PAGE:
Chevron Corp. shareholders will vote on proposals aiming to require the No. 2 U.S. oil producer to reduce the environmental impact of its products and report on climate business risks.
Chevron has pledged to limit the pace of growth of its carbon emissions that contribute to climate change, but has not set longer-term targets to achieve net-zero as many European oil companies have done.
Shareholder proposals include reducing so-called Scope 3 emissions that come from the use of its fuels and a request that the company report the impact of net zero 2050 scenarios on its finances and business assumptions, according to the company’s proxy filing on April 8.
Chevron has set emissions targets for this decade and laid out plans to keep project spending low but increase oil and gas output.
The company is recommending that its stockholders vote against the shareholder proposals, including one for an independent board chair after the next CEO transition.
Other proposals asks for more lobbying disclosures and to shift to being a “public benefit corporation,” a legal structure in which directors must balance the interests of shareholders and other stakeholders.
Shareholders last May voted to approve a proposal demanding that the company issue a report on its climate change-related lobbying activities, a major win for activists against Big Oil.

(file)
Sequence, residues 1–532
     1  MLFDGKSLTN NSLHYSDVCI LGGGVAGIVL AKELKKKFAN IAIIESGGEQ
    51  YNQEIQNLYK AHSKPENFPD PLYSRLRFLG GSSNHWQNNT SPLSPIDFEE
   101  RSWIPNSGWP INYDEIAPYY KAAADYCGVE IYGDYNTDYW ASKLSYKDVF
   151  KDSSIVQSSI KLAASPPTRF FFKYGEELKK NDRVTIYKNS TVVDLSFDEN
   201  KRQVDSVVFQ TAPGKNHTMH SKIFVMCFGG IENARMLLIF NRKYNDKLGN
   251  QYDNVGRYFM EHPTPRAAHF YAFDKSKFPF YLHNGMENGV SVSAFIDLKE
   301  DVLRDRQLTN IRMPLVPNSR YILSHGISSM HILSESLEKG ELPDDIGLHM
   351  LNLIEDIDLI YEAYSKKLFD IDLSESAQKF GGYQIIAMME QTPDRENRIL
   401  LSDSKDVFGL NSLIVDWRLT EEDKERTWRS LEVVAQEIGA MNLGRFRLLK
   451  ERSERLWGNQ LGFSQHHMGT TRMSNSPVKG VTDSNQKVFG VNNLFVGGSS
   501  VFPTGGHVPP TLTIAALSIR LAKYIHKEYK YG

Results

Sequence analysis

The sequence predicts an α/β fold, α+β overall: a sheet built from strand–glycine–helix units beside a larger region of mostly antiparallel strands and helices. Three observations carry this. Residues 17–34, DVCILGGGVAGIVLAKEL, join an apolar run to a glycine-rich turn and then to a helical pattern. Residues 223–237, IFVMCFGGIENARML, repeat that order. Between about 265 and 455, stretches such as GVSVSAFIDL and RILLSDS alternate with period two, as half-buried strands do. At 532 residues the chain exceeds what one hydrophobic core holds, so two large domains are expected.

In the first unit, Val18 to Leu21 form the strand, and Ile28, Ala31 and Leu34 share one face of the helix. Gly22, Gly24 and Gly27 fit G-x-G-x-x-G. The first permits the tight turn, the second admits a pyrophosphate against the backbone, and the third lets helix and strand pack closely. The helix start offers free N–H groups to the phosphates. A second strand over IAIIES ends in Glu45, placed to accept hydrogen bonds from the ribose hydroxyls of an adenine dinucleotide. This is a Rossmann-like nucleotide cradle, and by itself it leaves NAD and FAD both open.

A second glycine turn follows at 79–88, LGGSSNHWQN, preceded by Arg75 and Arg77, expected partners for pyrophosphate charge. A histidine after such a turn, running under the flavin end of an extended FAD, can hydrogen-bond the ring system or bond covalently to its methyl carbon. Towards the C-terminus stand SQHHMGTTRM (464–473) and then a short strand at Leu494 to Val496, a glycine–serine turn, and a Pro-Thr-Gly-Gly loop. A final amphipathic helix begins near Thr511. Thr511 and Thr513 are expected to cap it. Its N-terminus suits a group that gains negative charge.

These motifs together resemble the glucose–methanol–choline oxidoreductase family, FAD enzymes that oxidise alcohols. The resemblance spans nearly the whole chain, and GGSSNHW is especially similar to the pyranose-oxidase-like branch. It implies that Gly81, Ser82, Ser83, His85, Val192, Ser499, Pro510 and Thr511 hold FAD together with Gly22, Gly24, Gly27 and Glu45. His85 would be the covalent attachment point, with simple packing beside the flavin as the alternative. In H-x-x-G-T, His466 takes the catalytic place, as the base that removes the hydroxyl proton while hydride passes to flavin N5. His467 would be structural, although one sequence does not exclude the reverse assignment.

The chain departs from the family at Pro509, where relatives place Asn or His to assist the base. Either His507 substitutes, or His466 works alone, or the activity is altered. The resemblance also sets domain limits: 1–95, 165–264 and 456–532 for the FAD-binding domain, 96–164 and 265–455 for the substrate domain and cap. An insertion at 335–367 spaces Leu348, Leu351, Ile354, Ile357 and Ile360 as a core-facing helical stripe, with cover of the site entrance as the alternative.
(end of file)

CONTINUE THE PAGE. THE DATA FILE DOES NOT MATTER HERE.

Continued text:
Chevron issued a climate lobbying report in December.
The filing included details on executive compensation, including $29 million for CEO Michael Wirth in 2020, down from $33.1 million in 2019.
The company had a $5.54 billion full-year loss for 2020, its first since 2016, compared with earnings of $2.92 billion in 2019.
If dealmakers can get over the past year, with its misery as treacherous and deep as a river of mud, they may find a promising market in the months ahead.
Analysts at Cowen & Co. boosted their earnings estimates for Apache due to better-realized pricing, notably in gas that “reflect greater exposure to daily pricing versus bid week.”
The appointment of Tiffany “TJ” Thom Cepak as board chairman replaces Mark A. “Mac” McFarland, who was named as permanent president and CEO of California Resources last month.